There is no political rocket science to the Oct. 19th election result. Even with our slanted first-past-the-post system, it would have been difficult for Stephen Harper’s Conservatives to squeak out a parliamentary majority, or even minority, given that more than two-thirds of the population wanted him out.
If vague notions of change played the lead role in the long campaign, then the economy wrote the script for much of the rest. The Liberals won, while the others lost, on economic issues.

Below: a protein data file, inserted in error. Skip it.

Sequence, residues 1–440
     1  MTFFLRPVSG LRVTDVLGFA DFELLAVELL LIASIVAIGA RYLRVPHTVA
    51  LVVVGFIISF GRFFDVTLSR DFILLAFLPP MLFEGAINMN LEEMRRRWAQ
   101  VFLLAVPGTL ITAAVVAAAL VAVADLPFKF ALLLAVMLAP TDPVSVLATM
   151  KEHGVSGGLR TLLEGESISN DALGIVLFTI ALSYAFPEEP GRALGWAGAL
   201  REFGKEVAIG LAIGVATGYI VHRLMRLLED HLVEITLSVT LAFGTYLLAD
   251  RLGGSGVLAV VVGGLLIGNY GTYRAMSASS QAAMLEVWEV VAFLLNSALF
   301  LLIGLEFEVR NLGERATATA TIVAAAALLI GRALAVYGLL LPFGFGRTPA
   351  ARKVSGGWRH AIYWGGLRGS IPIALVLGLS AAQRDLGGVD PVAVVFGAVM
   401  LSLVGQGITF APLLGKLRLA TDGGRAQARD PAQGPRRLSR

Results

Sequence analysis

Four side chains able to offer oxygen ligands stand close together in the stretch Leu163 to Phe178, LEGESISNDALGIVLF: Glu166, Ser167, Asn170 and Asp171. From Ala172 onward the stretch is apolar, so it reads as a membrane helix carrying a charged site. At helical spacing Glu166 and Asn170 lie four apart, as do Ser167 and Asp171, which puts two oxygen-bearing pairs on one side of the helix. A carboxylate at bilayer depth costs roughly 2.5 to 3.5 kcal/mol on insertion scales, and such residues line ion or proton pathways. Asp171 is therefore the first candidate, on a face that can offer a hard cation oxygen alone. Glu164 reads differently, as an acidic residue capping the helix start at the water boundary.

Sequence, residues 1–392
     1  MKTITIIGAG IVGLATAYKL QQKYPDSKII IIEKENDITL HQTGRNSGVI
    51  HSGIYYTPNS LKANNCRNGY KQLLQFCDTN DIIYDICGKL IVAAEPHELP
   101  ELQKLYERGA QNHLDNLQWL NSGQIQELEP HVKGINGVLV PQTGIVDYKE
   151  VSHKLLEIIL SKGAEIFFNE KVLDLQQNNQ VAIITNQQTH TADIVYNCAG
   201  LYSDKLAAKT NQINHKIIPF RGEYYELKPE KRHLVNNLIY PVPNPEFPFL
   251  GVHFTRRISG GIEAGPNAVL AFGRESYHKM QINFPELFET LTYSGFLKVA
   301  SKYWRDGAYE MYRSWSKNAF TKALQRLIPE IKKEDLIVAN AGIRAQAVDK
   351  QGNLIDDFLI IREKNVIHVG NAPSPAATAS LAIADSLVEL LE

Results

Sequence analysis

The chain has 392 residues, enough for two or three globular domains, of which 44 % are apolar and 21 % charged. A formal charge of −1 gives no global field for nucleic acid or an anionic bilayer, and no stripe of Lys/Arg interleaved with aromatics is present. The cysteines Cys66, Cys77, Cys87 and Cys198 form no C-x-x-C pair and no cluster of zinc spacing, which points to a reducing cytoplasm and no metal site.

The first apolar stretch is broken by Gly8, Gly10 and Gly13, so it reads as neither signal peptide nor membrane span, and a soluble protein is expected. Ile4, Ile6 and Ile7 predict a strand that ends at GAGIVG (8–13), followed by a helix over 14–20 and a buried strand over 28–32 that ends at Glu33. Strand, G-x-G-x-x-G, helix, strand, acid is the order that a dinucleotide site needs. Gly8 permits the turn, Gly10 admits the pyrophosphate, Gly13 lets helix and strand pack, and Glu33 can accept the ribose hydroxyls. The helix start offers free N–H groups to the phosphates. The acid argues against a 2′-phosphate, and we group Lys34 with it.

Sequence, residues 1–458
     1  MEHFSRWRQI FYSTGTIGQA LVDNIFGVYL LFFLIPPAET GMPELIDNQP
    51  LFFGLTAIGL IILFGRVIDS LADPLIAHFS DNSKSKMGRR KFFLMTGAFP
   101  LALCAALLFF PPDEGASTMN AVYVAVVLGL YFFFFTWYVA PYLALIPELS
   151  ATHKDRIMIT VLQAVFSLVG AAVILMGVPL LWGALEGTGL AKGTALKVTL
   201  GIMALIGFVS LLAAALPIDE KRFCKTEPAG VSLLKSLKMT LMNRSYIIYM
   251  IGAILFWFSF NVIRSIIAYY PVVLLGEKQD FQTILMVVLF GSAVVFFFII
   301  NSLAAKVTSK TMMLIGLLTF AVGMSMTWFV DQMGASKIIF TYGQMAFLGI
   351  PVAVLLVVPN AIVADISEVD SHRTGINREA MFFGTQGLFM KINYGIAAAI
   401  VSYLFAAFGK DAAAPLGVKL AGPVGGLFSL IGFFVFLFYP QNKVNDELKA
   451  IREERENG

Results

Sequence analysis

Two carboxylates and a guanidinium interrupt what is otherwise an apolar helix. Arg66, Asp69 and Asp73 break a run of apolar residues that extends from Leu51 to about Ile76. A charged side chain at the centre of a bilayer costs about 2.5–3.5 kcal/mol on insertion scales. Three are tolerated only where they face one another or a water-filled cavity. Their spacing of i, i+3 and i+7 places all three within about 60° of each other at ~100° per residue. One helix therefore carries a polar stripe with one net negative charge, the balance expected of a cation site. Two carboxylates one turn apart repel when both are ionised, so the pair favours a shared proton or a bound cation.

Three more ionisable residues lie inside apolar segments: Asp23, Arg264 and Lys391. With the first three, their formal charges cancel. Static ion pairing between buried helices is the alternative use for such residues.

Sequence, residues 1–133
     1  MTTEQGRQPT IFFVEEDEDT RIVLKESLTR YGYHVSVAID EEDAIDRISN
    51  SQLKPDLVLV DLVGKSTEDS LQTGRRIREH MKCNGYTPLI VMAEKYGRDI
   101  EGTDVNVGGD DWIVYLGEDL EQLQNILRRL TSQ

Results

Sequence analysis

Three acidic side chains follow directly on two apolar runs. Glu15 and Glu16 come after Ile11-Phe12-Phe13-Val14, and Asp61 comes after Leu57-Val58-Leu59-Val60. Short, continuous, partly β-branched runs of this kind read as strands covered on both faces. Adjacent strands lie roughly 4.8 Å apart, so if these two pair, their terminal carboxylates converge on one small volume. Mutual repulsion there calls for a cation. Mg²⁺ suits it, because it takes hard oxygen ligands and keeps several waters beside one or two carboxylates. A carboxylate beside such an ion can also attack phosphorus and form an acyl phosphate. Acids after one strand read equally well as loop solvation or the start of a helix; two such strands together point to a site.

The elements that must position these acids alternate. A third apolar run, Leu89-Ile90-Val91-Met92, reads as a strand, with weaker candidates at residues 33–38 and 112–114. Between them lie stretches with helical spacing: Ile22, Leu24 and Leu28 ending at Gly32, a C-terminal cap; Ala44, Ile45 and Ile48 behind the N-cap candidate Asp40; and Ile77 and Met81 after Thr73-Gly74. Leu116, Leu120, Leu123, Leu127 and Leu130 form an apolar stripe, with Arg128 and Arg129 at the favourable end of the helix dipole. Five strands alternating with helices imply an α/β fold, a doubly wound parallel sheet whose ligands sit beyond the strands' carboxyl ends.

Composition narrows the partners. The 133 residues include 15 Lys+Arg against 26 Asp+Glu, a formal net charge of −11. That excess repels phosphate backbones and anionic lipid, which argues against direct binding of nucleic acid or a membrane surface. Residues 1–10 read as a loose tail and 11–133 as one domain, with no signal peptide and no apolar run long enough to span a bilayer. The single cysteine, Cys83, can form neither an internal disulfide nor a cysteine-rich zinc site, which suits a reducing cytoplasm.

Since the global crisis of 2007-08, most of us have seen stagnation in incomes and living standards. The past year, with the global resource and commodity price crash, has only made things worse by taking down the last bastions of growth, albeit ones based in the toxic extractive sectors of the Canadian economy.
Together these basic facts, lived every day by millions, made it inevitable that the economy would be the defining issue of the 2015 campaign and key to whether the change vote coalesced around the NDP or the Liberals. People were clearly tired of seeing Harper represent them, but in daily life, they’re tired of seeing their debt, their rent, their children’s tuition and their bills go up, while their jobs disappear or their incomes flatline.